Research to find out what has already been published

Last week we talked about researching to find facts to use in your queries and in your writing. Research plays another important role for the nonfiction writer: finding out what has been published before. If the market you want to pitch has already covered the subject, there’s no point in asking the editors to do it again. And if lots of publications have been hitting the same subject, you might as well put away your notes and do something else. But if only a few—and not your target market—have written about it, you can use the information in those previous articles to help you write your own and to make sure you take a different slant.

In my Freelancing for Newspapers book, I talk about going to the library and digging into the “morgues” at your local newspaper. You could still do that, but these days, you can do most of your research, including your library research, on the Internet. We talked about some of the sites last week. Google is always good. Do you know about Google Alerts? If you go to and set it up, Google will send you notices of everything that gets published about your subject.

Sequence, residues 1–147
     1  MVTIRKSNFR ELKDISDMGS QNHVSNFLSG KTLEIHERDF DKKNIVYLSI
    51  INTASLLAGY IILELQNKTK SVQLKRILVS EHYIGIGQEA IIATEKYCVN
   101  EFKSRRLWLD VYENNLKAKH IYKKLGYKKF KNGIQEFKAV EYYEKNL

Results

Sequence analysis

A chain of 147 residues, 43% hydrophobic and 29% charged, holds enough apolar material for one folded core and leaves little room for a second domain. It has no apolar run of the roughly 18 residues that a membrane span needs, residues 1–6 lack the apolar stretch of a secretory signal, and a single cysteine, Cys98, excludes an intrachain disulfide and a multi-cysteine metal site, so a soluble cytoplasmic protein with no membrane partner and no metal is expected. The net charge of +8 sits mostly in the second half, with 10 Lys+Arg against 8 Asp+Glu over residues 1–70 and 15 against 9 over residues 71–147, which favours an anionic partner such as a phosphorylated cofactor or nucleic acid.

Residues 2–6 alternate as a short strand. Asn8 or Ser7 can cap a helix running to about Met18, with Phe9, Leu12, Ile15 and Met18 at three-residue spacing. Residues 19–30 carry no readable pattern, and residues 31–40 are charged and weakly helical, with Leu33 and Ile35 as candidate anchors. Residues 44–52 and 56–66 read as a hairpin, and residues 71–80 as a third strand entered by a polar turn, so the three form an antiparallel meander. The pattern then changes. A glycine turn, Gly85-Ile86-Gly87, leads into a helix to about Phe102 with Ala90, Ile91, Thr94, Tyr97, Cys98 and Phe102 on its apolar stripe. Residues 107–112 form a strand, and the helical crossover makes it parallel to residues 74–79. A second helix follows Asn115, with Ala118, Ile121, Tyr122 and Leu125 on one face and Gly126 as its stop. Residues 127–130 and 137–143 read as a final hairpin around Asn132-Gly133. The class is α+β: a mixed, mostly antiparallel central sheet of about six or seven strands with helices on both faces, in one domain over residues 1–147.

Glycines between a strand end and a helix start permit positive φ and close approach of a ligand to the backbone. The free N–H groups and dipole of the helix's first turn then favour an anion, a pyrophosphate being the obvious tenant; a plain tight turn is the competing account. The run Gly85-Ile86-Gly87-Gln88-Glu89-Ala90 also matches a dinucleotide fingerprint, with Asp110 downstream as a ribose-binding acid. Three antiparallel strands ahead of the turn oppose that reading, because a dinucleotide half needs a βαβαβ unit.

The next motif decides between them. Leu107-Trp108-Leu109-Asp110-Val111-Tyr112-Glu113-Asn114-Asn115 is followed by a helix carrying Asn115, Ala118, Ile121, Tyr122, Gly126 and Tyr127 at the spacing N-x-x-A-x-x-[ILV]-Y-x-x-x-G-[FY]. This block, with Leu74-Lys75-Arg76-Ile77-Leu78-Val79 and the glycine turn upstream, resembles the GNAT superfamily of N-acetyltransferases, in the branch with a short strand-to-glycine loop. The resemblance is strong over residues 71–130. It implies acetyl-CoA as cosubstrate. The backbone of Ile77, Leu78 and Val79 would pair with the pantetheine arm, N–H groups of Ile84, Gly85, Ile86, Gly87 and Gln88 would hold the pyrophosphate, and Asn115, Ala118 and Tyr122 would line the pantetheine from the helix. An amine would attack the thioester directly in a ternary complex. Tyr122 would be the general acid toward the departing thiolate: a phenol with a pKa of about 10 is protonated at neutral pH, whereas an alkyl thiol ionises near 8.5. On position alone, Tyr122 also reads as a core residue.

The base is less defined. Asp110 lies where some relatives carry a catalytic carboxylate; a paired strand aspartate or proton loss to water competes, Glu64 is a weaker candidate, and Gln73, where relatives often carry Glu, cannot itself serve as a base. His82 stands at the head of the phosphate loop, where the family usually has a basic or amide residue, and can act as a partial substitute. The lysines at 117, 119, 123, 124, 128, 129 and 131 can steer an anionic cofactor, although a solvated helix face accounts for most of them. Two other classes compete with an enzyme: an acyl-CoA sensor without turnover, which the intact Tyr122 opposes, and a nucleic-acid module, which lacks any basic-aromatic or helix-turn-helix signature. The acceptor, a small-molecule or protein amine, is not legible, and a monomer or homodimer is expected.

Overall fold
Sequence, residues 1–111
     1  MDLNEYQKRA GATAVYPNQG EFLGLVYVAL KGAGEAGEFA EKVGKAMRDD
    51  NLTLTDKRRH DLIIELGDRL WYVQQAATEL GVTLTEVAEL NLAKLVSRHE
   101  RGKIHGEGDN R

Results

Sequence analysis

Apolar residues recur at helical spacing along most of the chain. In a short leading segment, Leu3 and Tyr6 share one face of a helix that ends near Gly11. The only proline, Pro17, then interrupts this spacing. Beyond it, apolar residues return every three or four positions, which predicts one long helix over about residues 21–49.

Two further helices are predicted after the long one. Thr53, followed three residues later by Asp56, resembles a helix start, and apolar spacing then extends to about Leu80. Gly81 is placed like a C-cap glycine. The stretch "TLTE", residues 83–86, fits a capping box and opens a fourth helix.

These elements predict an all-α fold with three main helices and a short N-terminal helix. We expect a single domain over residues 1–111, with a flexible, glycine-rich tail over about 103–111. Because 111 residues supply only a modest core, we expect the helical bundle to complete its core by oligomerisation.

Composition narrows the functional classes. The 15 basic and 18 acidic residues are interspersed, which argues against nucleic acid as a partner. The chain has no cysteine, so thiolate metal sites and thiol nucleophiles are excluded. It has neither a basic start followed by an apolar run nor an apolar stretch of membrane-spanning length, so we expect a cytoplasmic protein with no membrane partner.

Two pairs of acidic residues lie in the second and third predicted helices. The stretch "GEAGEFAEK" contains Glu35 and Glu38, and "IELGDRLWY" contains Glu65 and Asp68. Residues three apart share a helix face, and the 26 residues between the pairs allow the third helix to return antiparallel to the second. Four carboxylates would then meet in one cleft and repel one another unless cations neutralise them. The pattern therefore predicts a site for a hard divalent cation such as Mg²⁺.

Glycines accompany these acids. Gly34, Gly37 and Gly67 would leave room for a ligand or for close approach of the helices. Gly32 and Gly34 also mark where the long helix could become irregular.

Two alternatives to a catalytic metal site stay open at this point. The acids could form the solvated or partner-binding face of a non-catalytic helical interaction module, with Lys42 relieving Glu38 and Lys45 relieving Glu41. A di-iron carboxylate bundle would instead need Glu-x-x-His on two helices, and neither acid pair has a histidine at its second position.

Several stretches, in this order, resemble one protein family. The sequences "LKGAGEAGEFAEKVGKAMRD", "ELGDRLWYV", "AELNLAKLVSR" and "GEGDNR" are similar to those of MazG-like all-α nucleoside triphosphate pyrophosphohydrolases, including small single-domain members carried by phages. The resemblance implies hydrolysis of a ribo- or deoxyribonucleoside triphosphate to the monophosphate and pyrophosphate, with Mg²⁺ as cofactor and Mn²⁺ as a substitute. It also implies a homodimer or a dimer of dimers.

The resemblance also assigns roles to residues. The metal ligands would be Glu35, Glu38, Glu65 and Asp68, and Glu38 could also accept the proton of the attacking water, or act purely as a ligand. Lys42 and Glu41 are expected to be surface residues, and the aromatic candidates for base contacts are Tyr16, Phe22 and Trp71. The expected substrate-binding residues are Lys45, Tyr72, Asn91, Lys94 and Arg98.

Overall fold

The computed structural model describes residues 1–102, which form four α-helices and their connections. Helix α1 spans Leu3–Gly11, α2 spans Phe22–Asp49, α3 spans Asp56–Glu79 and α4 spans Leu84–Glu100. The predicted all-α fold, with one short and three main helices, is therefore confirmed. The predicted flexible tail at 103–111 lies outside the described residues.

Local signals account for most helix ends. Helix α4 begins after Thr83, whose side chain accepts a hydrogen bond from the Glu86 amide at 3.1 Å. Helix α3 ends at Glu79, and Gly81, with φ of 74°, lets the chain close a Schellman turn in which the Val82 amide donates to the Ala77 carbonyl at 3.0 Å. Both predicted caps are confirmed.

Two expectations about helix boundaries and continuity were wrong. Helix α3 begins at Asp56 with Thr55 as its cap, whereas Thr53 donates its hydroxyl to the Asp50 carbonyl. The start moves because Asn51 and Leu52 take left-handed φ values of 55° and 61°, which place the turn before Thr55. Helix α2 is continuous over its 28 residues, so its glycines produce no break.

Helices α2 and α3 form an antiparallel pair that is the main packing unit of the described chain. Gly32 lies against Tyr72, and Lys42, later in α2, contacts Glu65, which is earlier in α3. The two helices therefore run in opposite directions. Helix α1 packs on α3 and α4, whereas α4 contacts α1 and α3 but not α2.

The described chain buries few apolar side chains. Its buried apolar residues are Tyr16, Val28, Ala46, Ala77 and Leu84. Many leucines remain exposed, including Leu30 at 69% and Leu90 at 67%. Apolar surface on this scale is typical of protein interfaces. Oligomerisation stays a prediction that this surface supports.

Some other sites to consider in your research:

YouTube–You might think this is just music videos, but it’s not. You can find all kinds of information there. When I wrote about salt-water taffy, I watched demos on YouTube of how it’s made. The site is loaded with interviews, how-tos, training videos, and all sorts of audio-visual information sources. Plug in your subject and try it. You’ll be amazed.–This site will lead you to magazine articles that have been published on our subject. offers extensive listings of articles published in newspapers. if you want to read the whole article, they will ask you to pay a nominal fee, but you might find enough info in the summary.